I’m glad you have had such a positive experience with Medicare. Patients in my community aren’t as fortunate, as many physicians have stopped accepting Medicare assignment or are limiting the number of Medicare patients they see. CMS has many coverage and medical necessity rules and my patients are spending a lot more out of pocket than some of them think is fair. We’re still in a recession and quite a few patients have been forced to drop their supplement plans or have chosen barebones coverage that they don’t like. Those who have gone on Medicare Advantage plans hate the narrow networks and further limitations, but like the cost.
Speaking of cost, going back to what it costs to implement an EHR. Looking at HealthIT.gov for numbers, they list the five-year total cost of ownership (estimated average) as $48,000 for an in-office system and $58,000 in a software as a service model. That doesn’t include practice losses during implementation or ongoing loss of efficiency, the need to add additional staff to manage all the metrics, or hiring contractors and attending classes just to make sure one understands all the maze of rules.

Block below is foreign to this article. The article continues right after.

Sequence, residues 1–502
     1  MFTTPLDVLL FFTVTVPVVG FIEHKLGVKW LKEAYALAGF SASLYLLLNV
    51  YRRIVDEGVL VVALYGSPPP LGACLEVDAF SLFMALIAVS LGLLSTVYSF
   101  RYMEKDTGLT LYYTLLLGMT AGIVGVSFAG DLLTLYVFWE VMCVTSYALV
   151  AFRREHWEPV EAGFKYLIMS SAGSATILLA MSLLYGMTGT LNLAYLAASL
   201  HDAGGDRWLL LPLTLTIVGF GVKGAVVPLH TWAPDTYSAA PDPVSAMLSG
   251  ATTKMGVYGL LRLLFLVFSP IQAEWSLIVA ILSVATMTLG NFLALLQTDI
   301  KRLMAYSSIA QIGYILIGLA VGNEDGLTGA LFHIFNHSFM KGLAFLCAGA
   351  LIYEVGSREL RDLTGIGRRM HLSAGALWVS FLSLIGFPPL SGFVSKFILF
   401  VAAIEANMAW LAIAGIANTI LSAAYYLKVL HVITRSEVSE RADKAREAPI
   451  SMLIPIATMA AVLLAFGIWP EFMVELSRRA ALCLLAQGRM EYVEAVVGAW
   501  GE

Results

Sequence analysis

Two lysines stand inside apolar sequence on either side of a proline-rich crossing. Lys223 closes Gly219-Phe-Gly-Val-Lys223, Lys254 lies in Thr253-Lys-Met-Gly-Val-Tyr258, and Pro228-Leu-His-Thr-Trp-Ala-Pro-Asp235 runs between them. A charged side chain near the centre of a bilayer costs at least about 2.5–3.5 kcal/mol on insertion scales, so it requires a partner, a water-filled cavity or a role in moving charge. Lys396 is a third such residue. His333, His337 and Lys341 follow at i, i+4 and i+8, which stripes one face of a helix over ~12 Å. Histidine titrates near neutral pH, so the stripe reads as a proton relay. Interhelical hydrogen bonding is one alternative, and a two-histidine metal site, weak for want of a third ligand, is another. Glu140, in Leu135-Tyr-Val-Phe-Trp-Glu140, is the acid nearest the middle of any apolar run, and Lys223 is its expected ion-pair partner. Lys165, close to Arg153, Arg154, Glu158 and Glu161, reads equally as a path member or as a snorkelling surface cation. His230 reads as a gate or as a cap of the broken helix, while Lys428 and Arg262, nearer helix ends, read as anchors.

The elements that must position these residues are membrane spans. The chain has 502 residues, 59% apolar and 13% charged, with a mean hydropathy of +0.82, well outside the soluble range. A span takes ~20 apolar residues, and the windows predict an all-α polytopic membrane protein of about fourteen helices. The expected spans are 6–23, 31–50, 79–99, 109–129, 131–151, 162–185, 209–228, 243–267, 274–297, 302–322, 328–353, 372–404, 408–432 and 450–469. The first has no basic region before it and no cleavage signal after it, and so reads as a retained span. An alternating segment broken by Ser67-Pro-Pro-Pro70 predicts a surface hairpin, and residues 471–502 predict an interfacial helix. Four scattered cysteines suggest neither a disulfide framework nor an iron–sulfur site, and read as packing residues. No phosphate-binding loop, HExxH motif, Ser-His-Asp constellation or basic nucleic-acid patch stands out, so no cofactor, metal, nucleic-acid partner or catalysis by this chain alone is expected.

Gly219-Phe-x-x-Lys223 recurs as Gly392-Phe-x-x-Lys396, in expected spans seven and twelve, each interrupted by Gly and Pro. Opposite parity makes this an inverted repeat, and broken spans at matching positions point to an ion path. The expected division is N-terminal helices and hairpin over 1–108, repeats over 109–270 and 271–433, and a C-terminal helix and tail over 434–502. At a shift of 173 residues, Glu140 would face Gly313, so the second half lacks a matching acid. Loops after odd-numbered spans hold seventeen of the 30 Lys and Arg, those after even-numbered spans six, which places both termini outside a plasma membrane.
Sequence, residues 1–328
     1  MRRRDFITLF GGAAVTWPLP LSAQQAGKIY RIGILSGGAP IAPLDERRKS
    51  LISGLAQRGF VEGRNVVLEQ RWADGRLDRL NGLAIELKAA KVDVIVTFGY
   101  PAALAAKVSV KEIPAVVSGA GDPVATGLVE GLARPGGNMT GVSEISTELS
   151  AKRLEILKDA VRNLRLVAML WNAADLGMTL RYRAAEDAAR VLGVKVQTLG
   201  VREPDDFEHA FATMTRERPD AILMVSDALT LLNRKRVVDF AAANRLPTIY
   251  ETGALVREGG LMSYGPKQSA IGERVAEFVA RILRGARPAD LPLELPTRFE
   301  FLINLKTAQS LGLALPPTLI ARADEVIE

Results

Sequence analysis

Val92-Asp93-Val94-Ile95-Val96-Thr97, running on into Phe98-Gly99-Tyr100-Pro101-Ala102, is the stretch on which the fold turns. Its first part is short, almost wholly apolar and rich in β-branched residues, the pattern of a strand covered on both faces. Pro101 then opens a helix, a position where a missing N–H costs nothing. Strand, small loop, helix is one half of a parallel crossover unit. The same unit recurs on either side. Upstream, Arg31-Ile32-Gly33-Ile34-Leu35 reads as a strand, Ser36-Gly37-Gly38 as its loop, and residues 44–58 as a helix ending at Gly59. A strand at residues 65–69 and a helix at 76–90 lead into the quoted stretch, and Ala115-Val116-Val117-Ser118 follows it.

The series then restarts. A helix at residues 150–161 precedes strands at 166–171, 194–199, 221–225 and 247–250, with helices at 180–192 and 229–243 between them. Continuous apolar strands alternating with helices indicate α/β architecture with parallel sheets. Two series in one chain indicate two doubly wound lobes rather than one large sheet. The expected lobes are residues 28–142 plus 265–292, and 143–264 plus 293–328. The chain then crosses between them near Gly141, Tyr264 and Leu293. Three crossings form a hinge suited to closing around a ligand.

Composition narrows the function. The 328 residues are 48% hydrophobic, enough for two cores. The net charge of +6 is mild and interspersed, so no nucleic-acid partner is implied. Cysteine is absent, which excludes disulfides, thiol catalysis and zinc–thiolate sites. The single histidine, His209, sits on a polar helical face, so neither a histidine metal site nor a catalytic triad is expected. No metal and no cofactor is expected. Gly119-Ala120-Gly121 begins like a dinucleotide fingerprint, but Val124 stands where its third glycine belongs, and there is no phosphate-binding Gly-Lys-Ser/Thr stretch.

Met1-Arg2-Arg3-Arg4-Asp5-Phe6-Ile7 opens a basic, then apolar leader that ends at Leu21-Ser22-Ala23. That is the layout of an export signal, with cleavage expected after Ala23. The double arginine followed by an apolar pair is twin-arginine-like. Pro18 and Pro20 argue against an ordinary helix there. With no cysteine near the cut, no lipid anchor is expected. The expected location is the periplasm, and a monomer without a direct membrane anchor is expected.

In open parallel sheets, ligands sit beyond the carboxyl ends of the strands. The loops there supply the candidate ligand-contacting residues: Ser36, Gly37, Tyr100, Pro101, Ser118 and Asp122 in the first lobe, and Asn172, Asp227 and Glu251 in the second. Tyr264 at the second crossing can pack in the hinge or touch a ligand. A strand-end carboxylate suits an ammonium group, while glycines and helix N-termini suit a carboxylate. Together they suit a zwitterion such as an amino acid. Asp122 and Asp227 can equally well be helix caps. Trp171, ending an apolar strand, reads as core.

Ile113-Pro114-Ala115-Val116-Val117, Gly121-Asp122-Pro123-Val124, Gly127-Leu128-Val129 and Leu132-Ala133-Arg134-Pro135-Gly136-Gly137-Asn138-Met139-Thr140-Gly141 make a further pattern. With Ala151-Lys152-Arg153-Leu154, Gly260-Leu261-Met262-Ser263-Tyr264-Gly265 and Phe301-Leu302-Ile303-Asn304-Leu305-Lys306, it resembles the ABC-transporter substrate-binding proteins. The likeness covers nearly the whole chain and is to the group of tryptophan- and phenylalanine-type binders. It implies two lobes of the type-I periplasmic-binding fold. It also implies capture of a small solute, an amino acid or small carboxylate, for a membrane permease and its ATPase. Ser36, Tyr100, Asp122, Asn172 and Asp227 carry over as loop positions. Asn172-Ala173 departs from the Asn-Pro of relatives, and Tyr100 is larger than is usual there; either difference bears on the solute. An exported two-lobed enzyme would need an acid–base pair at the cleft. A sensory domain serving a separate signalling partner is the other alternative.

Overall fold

I agree with you that necessary change will take a decade. Unfortunately, CMS only gave providers half that time to accomplish ever-changing (and sometimes obscure) goals involving elements beyond their control before the penalties kick in. I hope there are some primary care providers left when the dust settles. I’m seeing my peers retire in droves and there aren’t enough new hires to fill the gaps, increasing patient wait times.
What do I think? Well, I’m glad you asked. I have just spent about four hours reading, digesting, and summarizing in a document I can share internally what this could mean. Then again, it might not mean any of what I have summarized. Theoretically depends on public comments.